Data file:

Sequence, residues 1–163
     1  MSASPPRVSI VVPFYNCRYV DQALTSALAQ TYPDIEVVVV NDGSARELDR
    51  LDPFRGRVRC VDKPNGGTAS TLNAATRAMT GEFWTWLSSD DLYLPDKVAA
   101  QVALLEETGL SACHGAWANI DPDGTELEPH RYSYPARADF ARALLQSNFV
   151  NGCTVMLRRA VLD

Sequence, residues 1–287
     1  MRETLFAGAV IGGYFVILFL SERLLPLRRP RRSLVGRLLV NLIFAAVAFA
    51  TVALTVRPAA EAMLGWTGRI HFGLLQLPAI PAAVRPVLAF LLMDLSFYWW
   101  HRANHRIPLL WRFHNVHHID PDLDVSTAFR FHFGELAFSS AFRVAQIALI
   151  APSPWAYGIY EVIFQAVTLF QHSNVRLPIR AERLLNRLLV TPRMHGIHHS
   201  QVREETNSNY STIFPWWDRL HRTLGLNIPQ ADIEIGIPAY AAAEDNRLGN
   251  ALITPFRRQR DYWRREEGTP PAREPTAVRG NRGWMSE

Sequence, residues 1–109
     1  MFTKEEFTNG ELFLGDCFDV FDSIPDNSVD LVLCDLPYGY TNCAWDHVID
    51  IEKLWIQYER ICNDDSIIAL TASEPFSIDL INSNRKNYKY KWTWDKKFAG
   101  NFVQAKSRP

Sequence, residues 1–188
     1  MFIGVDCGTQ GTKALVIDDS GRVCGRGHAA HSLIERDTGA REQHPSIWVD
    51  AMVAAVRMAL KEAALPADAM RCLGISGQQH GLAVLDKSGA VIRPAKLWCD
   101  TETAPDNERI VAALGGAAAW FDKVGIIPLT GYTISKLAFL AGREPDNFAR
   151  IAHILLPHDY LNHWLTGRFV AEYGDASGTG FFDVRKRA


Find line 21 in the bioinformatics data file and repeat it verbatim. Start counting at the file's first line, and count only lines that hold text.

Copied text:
   151  IAHILLPHDY LNHWLTGRFV AEYGDASGTG FFDVRKRA